We have collected about 18,000 RIKEN Arabidopsis full-length cDNA (RAFL cDNA) groups (about 60% of the predicted genes) and carried out functional annotation of them in collaboration with the Genome Exploration Research Group. This is the largest collection of A. thaliana full-length cDNAs. Additionally, to maximize the utility of the RAFL cDNA collection for domestic and overseas researchers, we have distributed the full-length cDNA and mutant resources to the research community in collaboration with the Experimental Plant Division of RIKEN BioResource Center (BRC). Consequently, our genomic resources have been made globally available, contributing directly to the reputation of RIKEN at the international level.
At the same time, in order to improve efficiency in the use of full-length cDNA for genetics analyses, we have produced transgenic plants with additional heterologous functions and carried out screening for multiple mutant strains. For example, we developed a novel screening system of gene functions, the FOX (Full-length cDNA OvereXpressor gene) hunting system, which makes use of full-length cDNA overexpressed in the plants. Using this technology, we can perform analysis on the causative genes responsible for phenotypic alterations seen in transgenic plants.

FOX hunting system

This system efficiently generates mutant plant strains of diverse phenotypes with enhanced expression of specific genes of interest. It uses an "Agrobacterium-based library" comprising full-length plant cDNAs for one-time genetic transformation. Full-length cDNA available for study can be used to rapidly determine the effect of hyper- or hypoexpression of a gene. In this way, causative genes for phenotype alterations can be identified without the need for analysis of the genomic sequence.

The FOX hunting system as a research tool is unique among RIKEN's mutant strain resources, in that it exploits the advantages of integrating the use of full-length cDNA and generation of transgenic plants. In addition, we have teamed up with the National Institute of Agrobiological Sciences (under the Ministry of Agriculture, Forestry and Fisheries) to create plant lines with full-length rice cDNA via the same system, allowing us to successfully conduct functional studies on rice genes overexpressed in A. thaliana.

Toward integrative understanding and applications of plant life

With progress in decoding the genome sequences of various plants, we have entered a new phase of plant research based on accumulated genomics findings. In plant genomics studies, the topics deserving high priorities are "elucidation of gene functions of the plant genome", "gene expression profile analysis", "gene expression network analysis for high-order gene interactions", and "protein network analysis for protein-protein interactions between gene products". In the plant world, it has been suggested that there exist a rich variety of metabolites (about 200,000 types in all plants, and 5000 in A. thaliana). In this area, we have been engaged in comprehensive profiling analysis of sugars, lipids, amino acids, and secondary metabolites. In order to achieve greater understanding of life in nature, it is necessary to conduct large-scale studies covering the areas of genomics studies, gene expression analyses (in the form of transcriptomics studies), protein profiling analyses (in the form of proteomics studies), and small-molecule metabolite profiling analyses (in the form of metabolomics studies), which collectively form the focus of research being undertaken at the RIKEN Plant Science Center.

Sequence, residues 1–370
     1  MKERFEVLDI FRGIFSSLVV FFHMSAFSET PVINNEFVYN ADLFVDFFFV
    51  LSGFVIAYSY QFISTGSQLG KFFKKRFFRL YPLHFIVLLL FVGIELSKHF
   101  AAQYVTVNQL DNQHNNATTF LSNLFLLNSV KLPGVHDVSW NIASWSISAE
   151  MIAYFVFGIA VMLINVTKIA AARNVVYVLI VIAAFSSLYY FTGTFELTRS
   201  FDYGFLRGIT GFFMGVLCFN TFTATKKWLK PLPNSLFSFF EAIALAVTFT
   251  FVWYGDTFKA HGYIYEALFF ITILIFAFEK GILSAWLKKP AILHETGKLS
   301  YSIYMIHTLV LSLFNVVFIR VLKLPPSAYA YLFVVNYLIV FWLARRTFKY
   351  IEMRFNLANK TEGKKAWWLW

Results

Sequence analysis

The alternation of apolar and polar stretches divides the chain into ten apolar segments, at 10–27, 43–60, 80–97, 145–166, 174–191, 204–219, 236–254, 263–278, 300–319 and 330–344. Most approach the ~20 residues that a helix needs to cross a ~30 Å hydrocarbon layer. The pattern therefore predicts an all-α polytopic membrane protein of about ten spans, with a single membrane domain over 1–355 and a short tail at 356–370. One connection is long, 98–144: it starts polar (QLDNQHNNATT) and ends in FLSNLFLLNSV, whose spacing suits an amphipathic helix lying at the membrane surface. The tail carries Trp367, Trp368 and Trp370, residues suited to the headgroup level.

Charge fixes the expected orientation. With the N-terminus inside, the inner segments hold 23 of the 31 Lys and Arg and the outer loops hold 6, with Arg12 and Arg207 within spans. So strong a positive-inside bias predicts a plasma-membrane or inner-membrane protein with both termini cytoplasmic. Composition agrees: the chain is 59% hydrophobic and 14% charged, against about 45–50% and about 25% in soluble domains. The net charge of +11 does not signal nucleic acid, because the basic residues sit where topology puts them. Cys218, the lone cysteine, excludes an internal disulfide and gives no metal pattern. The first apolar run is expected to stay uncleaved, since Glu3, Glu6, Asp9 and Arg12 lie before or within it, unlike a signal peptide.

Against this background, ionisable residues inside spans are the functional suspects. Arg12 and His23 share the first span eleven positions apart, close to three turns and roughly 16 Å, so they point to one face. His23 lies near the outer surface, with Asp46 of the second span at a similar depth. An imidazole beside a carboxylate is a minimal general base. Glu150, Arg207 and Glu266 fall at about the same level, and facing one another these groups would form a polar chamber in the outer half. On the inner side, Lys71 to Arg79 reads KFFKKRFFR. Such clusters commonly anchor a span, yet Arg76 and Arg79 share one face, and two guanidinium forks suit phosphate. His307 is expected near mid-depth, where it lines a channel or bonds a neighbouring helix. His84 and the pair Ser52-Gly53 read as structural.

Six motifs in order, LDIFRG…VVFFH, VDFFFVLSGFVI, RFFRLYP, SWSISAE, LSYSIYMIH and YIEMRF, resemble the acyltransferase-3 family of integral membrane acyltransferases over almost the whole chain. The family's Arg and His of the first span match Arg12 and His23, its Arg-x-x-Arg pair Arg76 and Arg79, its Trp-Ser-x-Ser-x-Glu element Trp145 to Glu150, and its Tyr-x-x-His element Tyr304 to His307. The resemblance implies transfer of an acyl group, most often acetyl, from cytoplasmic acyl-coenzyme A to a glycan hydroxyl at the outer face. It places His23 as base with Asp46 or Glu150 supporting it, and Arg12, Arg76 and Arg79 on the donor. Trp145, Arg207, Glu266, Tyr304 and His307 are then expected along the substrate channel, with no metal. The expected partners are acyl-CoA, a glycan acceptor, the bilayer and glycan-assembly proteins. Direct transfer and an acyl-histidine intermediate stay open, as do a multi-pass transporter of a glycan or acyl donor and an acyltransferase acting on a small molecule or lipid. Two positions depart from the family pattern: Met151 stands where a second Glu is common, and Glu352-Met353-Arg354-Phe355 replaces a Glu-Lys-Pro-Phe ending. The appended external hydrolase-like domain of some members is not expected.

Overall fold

In the future, using the foundation laid for basic research on A. thaliana, we hope to expand the scope of our studies to include applied research using the full-length cDNAs from the crops and trees. We have also drawn up a 15-year plan for sustainable environment to guide future research projects seeking to provide solutions to problems with global impact, including those concerning food supply, energy, biomass production, and the environment.

Illustration of the knockout-type phenotype database

A public access database has been made containing 4000 systematically classified mutant strains, information on causative genes and illustrative images. Users can find many phenotype anomalies related to seed size, flowering, or other newly identified mutants that are agriculturally important.